It isn't tacky or ridiculous; this is how people take part in an experience without allowing cynicism to paralyze their response.
This charming photograph taken by Abdallah Shama on October 20 is light and full of humor. Two teenage girls proudly display photo number 1,309 on their iPhone 4: Gilad Shalit riding a bicycle outside his home in Mitzpeh Hila. There is so much sweetness in the attempt by these two to "look pretty" while being photographed, and in the fact that they really are pretty.
With their white tank tops, red lipstick and black hair, they look like sisters, both similar and different, complementary and contrasting. The one with her hair put up makes sure to keep her mouth closed, like girls who are convinced that a closed mouth is the way to emphasize their best features. The other, with her beautiful hair worn loose and her red nail polish, offers the smile of a social network profile, convinced of exactly the opposite. Behind them, in the background, is the smile of Shimshon Liebman, head of the campaign to free Shalit. This is a bright, shining day in Mitzpeh Hila.
The photograph of Shalit on the girls' iPhone was taken by Shama, too. There is charm in his willingness to share what could have been his exclusive photo.
On the day of Shalit's dramatic return, the first photos of him were stunning, reinforcing the shock and pain of his re-entrance into the "real" world, of his reappearance as a living person. All along the route he followed after his release, he seemed to be immersed in a morass of pain. In the striped shirt he wore in Egypt, like Joseph, in the uniform that was barely held up by a belt, and in his salute to Netanyahu, like the salute of John F. Kennedy Jr. to his father in the famous November 1963 photo, Shalit - and only he - is the center of attention.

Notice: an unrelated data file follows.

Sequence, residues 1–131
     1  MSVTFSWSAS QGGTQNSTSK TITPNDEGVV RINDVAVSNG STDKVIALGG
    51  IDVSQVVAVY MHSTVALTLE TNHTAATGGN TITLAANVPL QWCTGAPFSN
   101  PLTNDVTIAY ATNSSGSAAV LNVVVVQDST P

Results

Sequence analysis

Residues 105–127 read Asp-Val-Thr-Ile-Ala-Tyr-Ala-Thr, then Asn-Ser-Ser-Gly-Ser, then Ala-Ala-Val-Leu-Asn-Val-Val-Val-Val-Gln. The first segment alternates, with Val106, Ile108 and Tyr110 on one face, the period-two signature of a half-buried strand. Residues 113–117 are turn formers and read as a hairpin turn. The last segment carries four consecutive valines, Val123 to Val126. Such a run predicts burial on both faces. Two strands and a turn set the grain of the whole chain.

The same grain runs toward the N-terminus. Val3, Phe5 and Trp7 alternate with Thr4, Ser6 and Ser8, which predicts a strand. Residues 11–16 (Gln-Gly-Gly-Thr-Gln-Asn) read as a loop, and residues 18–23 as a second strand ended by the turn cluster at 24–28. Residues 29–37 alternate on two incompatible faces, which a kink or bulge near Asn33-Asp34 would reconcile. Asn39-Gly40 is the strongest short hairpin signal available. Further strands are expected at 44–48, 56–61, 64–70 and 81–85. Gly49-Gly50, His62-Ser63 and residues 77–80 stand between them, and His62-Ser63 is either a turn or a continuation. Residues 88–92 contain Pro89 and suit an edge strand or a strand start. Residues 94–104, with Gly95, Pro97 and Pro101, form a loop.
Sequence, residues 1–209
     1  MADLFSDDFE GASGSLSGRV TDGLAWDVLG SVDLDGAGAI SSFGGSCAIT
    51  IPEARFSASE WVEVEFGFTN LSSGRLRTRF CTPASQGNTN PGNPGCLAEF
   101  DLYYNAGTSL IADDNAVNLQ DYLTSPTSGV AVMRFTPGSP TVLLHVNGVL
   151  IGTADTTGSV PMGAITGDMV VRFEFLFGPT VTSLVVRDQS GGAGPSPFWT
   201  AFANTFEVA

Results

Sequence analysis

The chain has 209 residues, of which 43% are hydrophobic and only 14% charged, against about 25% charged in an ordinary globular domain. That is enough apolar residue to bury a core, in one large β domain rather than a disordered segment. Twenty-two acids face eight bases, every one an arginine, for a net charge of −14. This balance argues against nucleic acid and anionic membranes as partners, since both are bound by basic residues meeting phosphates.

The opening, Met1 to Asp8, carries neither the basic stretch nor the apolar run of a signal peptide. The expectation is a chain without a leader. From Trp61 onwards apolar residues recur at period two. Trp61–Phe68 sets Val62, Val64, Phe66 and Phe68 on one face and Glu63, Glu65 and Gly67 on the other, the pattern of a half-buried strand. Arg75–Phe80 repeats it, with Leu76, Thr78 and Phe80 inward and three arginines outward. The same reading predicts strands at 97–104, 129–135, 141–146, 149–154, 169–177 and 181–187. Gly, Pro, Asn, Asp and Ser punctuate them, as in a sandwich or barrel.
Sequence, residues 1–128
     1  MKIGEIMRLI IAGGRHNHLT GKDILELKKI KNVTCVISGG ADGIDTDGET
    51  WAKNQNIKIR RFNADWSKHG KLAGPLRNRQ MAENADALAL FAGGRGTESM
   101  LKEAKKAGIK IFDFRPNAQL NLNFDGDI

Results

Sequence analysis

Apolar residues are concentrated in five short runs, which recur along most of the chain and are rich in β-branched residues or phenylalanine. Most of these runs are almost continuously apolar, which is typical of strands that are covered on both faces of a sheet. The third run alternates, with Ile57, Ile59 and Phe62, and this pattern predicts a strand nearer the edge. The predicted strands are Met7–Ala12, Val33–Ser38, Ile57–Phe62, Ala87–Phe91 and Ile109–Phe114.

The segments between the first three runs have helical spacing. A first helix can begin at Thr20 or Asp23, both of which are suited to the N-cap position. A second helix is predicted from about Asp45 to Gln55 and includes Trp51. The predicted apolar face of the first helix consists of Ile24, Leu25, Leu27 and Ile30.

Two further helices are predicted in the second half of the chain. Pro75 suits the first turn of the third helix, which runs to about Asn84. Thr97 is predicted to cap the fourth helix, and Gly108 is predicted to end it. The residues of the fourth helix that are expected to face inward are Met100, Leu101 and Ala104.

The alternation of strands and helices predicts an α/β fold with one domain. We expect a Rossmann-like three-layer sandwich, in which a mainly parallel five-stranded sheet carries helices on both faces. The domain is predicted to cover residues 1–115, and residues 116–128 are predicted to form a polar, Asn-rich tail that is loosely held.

But from the moment he returned home, the pain we feel begins to diminish. Shama's photo records not only the way pictures of Shalit have begun to be absorbed into a reality that works like a copying machine, but the evaporation of the pain as well. These Shalit tourists mean well. We do not see the disparities that sometimes arise when people "make a pilgrimage" to centers of national drama - only the joy of a surprising happy end. It isn't tacky or ridiculous; this is how people take part in an experience without allowing cynicism to paralyze their response.
Therefore, although this image may enable us to speak of the blurred boundaries between private and public, or of how the bearable lightness of current photo-snapping affects our perception of reality, the subject of this photograph is the two girls. Shama observes their friendship, the heightened self-consciousness of adolescence, and the way their different personalities are emphasized and come through despite the fact that they both believe in red lipstick. And that makes it possible suddenly to see the tattoo on the arm of the girl on the left. It's a bird. A beautiful one. A free spirit.